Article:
Melbourne research team recognised with Clunies Ross Award

A team of researchers from WEHI and Monash University has received the 2021 Clunies Ross Knowledge Commercialisation Award from the Australian Academy of Technology and Engineering (ATSE).

Three researchers photographed in WEHI's galleria

Associate Professor Tim Thomas, Professor Anne Voss and

Professor Jonathan Baell

The ATSE Awards recognise the successful application of Australian research – from a range of fields, including biotech, fintech, engineering and agriculture – which has the potential to improve countless lives and build major new Australian businesses.

A research team led by WEHI’s Professor Anne Voss and Associate Professor Tim Thomas, and Professor Jonathan Baell from Monash University, received the award for fundamental research on novel targets for cancer therapeutics that have since been the basis of clinical-stage drug development.

At a glance

  • The ATSE’s Clunies Ross Awards recognise Australians who have shared their vision and knowledge to apply technology for the benefit of Australia.
  • The 2021 Clunies Ross Knowledge Commercialisation Award recognises the contributions of a team of WEHI and Monash University scientists for fundamental research on novel targets for cancer therapeutics that have since been the basis of clinical-stage drug development.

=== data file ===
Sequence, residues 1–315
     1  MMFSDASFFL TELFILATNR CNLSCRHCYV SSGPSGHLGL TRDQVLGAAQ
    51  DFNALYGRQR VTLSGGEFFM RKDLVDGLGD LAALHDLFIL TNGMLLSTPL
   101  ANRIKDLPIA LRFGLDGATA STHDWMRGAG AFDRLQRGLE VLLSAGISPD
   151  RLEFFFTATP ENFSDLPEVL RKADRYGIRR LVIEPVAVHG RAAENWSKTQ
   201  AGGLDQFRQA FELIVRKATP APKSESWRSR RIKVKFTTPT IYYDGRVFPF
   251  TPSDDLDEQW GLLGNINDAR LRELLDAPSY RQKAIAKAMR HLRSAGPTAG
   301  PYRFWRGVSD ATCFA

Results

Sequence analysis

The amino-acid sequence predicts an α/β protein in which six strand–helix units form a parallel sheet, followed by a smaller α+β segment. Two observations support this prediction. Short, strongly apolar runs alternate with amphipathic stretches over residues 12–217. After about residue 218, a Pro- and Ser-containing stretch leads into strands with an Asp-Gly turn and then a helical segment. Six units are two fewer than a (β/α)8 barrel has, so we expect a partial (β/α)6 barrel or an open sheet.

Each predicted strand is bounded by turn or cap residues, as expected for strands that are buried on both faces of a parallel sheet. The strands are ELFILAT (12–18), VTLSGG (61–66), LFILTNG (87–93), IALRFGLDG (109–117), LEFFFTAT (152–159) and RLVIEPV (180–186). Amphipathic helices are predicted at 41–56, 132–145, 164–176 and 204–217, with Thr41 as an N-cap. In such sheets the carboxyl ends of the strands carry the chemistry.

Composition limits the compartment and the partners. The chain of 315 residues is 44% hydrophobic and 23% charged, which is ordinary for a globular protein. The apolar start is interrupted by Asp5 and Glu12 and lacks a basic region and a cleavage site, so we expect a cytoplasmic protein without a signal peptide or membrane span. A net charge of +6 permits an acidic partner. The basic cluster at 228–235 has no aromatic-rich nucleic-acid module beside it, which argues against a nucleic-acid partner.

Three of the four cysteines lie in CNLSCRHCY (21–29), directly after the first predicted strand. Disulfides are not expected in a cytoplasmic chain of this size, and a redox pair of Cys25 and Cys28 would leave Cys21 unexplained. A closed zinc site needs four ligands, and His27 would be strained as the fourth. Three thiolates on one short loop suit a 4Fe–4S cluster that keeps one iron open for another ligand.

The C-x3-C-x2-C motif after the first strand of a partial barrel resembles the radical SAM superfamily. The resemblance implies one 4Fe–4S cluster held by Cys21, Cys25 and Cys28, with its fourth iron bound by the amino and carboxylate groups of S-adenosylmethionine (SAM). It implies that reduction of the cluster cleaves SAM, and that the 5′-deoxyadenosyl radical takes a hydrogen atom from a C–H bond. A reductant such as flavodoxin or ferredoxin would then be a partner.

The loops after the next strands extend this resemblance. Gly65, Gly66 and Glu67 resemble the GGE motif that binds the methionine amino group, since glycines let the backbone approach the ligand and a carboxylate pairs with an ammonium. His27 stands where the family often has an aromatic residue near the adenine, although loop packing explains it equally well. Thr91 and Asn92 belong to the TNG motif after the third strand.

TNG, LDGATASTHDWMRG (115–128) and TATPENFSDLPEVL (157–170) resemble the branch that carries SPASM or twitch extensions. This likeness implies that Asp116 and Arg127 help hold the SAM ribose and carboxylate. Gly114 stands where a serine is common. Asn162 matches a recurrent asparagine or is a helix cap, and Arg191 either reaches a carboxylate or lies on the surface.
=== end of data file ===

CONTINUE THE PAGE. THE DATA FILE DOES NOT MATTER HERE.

Highlighting Australian innovation success

ATSE President Professor Hugh Bradlow warmly congratulated all the award winners.

“One of the key objectives of the Academy is to celebrate excellence in using applied science, engineering and technology to create solutions for the betterment of Australian society,” Professor Bradlow said.

“The 2021 ATSE Awards highlight the breadth of Australian talent and how it is enabling innovation success stories.

“Our awardees are improving existing Australian industries and creating new ones.”

Professor Voss said the awards were encouragement for the research team to continue their efforts.

“The Clunies Ross Knowledge Commercialisation Award is a lovely recognition of our work,” Professor Voss said.

“We are grateful for the support from the Cancer Therapeutics Co-operative Research Centre throughout the years, which has allowed us to continue to pursue this research.

“Based on our research, new drug candidates have been developed that are currently in clinical trials. If these clinical trials are successful, new treatment options will become available for patients with cancer.”

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